Studies show physical stress symptoms are behind 83% of health problems leading to doctor visits. And that doesn’t include the negative psychological effects of stress.
But here’s the big surprise. Stress health effects can be positive too!
For example, exercise (when done correctly) is a beneficial form of stress. And, when faced with any kind of danger, stress causes an adrenaline rush that keeps you alert and energized, so you can protect yourself.
How Does Stress Affect Health Negatively?
Humans developed the ability to deal with stress thousands of years ago in order to survive. When faced with danger, our cavemen ancestors had to react fast and furiously to either fight off predators or run like the wind.
This “fight or flight” response causes the release of a gigantic load of stress hormones that start pumping and pulsing through your veins, causing:
- Your heart to race,
- Breathing to catch or speed,
- Your muscles to become hyper tense,
- The blood flow in your body to increase by 400%,
- And, to conserve energy, your digestion comes to a dead stand still.
So how does stress affect health? If you don’t use this burst of energy and strength to physically fight off the enemy or run away, you’re in trouble.
The prolonged “wear and tear” on your immune system eventually turns into a state of exhaustion. And that tired and fatigue all the time feeling you end up with is the first symptom of all degenerative disease.
Other early stress consequences include headaches, weight gain or loss, high blood pressure, indigestion, muscle aches, clenched jaw and grinding teeth, skin problems, insomnia, depression and diminished sex-drive.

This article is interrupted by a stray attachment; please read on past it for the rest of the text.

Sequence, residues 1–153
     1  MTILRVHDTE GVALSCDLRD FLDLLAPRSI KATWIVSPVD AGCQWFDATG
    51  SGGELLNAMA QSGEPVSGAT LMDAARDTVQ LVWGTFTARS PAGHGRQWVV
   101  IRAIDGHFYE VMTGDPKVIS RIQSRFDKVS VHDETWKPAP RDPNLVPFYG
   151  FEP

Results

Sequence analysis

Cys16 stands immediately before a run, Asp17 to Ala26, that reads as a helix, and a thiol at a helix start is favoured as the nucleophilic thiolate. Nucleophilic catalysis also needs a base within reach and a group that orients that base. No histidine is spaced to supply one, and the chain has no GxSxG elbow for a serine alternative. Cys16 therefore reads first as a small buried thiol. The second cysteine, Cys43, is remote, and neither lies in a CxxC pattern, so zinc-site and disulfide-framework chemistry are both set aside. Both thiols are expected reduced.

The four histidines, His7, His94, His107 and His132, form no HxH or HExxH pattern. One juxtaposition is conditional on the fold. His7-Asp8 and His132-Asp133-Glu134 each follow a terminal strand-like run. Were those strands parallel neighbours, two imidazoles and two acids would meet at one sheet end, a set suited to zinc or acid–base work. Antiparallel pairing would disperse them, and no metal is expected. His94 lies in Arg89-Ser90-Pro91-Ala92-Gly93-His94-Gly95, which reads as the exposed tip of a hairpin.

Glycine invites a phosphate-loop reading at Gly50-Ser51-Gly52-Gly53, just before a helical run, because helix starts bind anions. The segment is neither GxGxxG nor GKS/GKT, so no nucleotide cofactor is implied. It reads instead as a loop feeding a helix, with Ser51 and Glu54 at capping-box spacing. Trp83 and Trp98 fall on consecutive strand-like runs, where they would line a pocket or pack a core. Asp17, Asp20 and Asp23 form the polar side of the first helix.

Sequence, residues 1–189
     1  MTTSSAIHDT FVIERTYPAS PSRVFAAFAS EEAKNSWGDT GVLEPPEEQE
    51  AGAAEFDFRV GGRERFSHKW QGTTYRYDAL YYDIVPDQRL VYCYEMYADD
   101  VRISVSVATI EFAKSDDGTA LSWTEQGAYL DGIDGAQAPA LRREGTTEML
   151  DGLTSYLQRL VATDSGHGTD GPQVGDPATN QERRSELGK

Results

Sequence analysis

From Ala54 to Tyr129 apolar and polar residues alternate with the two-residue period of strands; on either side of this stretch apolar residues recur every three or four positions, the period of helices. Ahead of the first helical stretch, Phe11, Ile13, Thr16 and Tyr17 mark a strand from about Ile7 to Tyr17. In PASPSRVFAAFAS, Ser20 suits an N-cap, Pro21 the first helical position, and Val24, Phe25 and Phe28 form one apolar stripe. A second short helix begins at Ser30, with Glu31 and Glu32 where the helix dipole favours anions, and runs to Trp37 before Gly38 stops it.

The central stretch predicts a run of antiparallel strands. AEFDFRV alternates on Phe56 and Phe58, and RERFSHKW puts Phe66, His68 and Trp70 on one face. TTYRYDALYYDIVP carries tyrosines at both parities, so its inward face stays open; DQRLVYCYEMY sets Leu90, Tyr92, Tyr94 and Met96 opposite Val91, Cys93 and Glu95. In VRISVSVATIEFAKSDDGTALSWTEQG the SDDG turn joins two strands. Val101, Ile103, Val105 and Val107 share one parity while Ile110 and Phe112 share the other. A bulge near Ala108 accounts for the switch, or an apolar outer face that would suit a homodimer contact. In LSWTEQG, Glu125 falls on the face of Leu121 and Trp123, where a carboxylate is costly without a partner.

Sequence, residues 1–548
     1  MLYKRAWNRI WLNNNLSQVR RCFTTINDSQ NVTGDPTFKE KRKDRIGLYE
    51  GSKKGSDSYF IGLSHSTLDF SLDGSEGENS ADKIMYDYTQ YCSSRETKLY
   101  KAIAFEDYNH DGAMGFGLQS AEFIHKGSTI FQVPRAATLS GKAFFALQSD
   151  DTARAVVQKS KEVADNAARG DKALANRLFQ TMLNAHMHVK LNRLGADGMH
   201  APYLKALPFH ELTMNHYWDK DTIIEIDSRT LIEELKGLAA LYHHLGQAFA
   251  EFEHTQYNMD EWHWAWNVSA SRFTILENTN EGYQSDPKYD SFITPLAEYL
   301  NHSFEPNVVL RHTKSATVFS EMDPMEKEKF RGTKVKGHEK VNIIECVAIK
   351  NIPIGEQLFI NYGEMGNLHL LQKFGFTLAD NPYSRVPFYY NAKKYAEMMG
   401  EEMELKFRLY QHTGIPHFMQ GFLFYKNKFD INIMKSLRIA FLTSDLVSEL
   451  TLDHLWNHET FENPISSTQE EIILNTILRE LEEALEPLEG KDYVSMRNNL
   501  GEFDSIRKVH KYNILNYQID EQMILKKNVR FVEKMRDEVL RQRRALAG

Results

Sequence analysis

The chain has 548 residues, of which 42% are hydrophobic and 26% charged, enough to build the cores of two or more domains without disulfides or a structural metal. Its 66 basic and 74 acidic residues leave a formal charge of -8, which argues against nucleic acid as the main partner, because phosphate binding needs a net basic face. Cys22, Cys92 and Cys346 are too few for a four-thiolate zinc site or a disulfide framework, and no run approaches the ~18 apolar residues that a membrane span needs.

Long-term stress effects include heart disease, diabetes, stroke and autoimmune diseases, such as lupus and rheumatoid arthritis.
Tips on How to Overcome Stress
Here are seven sure-fire ways to overcome the negative effects of stress.
1. Exercise regularly. Put that “fight or flight” response to work in your favor – exercise your stress away! Regular physical activity also helps you produce endorphins; the hormones that make you feel really, really good.
2. Be grateful. Start appreciating more of the good things in life. When you focus on the sunny side, the dark side begins to fade and more and more positive sunny spots start to appear. It may sound corny, but it’s true.
3. Let it go. Procrastination can sometimes be positive. Remember what Scarlett O’Hara’s said in Gone with the Wind. “I can’t think about that right now. If I do, I’ll go crazy. I’ll think about it tomorrow.” Then just let it go.
4. Eat healthy. Stress can bring on junk food cravings. But during stressful times it’s particularly important to eat for great health and stay levelheaded. Focus on healthy foods high in B complex and omega 3 fish oil.
5. Relax and breathe. When life gets too tough, realize “this too shall pass.” Take a deep breath, take a bath, take a walk or take a nap. Just don’t take a Valium. It only masks symptoms without fixing anything.
6. Laugh it off. Always keep your sense of humor. Look for the comedy in every situation. If that’s not possible, distract yourself with funny or feel-good movies, books and healthy activities that make you feel better.
7. Slow down. Pay attention to how you feel. If you’re pushing too hard, simplify or cut back whenever possible. Take care of yourself. Remember, if you’re not happy it will probably infect your family and friends.